Legal basis needed for dissenting voices

Source:Global Times Published: 2013-8-18 23:53:01

A human rights advocate from Guangzhou, Yang Maodong, better known by his pen name, Guo Feixiong, was detained recently. Xu Zhiyong, an activist and legal scholar based in Beijing, was also detained recently. Overseas voices have connected the two incidents and believed the Chinese mainland is conducting a "decapitation" campaign against the human rights movement. Meanwhile, they glorify what Guo and Xu did by calling them "pro-democracy activists."

Guo was detained on the charge of disrupting public order. He has been put into jail and been detained several times. He has extreme political views and has participated in many advocacy groups. Xu has been guaranteed a trial and his experiences are also complex.

The influence of activists like Guo and Xu is not as great as those verified names on Weibo, but they are famous among rights activists. Confronting the authorities has become their way of life and they are unlikely to compromise.

It has become the reality of China that a group of dissidents who are prone to confrontation exist in society. They pose challenge to social governance. They do things based on their own judgment rather than considering whether they are legitimate or not or whether they benefit social governance or not. They take confronting the authorities as a noble deed.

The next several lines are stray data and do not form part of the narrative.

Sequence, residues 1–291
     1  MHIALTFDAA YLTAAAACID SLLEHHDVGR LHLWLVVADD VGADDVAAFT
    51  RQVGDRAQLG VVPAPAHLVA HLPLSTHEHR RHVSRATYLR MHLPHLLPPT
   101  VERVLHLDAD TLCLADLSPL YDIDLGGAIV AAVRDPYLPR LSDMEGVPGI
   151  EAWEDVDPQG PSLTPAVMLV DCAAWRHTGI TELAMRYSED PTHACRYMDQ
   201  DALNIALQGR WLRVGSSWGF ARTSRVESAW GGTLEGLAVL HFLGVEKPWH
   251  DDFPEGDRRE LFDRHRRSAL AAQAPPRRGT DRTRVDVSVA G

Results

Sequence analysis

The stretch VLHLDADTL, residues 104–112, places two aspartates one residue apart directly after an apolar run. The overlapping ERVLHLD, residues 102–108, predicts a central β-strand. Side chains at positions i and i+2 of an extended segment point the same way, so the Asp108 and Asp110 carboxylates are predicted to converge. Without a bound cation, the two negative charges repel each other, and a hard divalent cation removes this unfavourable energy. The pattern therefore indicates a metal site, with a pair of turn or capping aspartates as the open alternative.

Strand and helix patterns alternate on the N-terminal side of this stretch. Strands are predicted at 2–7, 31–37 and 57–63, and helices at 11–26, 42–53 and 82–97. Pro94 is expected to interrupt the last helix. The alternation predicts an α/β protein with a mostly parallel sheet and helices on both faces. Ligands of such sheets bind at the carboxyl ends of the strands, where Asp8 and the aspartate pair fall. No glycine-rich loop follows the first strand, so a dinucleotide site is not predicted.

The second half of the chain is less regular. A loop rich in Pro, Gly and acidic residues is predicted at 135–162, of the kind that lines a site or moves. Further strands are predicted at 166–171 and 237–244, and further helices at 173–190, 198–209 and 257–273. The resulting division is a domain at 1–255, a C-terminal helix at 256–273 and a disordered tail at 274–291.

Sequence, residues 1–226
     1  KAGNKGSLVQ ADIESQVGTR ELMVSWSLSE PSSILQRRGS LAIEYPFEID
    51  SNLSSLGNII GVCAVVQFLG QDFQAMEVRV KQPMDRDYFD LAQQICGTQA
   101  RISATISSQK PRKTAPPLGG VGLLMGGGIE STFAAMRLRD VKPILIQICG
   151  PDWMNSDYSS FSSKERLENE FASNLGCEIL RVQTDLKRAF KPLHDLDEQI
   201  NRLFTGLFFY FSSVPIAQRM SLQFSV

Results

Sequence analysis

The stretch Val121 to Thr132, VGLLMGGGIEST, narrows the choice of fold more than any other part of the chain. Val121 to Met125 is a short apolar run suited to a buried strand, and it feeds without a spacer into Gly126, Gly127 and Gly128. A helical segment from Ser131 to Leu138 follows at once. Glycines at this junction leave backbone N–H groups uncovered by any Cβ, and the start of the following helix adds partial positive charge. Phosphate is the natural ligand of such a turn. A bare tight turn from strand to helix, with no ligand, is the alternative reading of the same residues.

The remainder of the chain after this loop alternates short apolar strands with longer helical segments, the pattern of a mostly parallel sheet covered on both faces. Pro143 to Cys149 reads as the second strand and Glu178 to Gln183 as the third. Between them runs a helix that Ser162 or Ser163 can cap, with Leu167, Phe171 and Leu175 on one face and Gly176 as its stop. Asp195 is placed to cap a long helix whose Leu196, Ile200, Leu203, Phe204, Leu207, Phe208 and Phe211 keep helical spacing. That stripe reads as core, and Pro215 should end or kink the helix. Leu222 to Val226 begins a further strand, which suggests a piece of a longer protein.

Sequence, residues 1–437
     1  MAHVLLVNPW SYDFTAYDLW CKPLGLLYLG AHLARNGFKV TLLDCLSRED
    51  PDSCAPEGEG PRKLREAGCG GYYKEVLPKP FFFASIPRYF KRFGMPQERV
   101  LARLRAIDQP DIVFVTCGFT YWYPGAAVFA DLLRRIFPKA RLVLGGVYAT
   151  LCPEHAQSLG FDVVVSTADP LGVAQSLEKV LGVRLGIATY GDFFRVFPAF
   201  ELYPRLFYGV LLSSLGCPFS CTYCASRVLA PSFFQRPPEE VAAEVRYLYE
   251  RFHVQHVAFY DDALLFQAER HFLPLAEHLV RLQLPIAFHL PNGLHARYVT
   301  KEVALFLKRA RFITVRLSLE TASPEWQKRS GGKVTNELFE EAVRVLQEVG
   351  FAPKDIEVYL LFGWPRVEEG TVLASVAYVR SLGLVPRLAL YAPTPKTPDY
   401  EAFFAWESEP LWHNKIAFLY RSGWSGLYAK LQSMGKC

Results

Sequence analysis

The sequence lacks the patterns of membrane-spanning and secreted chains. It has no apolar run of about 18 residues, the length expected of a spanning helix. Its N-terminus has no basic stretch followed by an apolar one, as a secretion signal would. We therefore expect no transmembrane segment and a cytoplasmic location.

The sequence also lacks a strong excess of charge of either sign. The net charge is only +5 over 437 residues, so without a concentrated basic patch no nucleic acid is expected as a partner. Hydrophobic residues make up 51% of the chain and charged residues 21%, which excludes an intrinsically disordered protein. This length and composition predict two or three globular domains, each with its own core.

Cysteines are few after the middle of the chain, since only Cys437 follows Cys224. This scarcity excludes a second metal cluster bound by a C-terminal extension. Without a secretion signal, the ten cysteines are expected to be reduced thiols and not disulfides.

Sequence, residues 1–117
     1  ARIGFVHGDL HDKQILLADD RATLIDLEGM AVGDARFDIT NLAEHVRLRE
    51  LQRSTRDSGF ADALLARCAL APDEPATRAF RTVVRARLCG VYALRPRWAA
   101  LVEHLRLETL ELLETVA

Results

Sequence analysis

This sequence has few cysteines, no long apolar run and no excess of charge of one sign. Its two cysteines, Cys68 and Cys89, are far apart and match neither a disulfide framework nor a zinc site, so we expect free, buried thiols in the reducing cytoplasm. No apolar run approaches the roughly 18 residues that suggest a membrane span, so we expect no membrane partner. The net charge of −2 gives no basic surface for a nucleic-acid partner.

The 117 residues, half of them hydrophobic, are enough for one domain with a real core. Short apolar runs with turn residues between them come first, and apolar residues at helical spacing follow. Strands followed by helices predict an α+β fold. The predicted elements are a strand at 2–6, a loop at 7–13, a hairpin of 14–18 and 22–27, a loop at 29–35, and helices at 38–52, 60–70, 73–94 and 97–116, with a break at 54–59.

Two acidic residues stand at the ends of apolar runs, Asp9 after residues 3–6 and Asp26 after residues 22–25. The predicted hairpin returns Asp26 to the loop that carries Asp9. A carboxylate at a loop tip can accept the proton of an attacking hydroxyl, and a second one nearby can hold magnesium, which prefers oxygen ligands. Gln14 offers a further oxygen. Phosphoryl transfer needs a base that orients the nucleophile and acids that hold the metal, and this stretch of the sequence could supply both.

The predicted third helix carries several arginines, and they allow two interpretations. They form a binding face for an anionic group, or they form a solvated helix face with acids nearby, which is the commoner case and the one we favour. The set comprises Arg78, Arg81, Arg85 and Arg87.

Obviously, China has not found a mature way to deal with these confrontational individuals. On the one hand, they play a new role in society and what they do is not all negative.

But on the other hand, they pose a danger to the current social governance system and long-term social stability.

The public also has mixed attitudes toward them. They may easily win sympathy from the public for their unfortunate experiences, while those who know them well believe they somehow go to extremes. But practically, their assertions have little to do with ordinary people's lives.

It is almost impossible that they could change their political stance. In a diverse society, there are bound to be roles like theirs. What's important is that society needs to define their space of activity and the legal boundaries of their activities.

Now dissidents always claim what they do is legitimate and when punished by law, they are thought to be persecuted. Only when supported by the whole society, can the law play a stronger deterrent role.

This is China's long-term task. There have been waves after waves of confrontational individuals, many of whom went abroad. Their influence has been diluted by opposition voices on the Internet, to whom society has become adapted. Initiating confrontation is still unfamiliar to Chinese society. It remains one of the toughest task of China's reforms to digest this trend.

Authorities should be clear that detaining any dissident may become an event entangled with public opinion. Therefore, the legal basis and judicial process must be impeccable. Irrational sentiments exist in public opinion, which adds pressure on the authorities.

Dissidents should also acknowledge that China is in a special stage of transformation and progress. Too fierce confrontations go contrary to society's fundamental interests.

Posted in: Editorial

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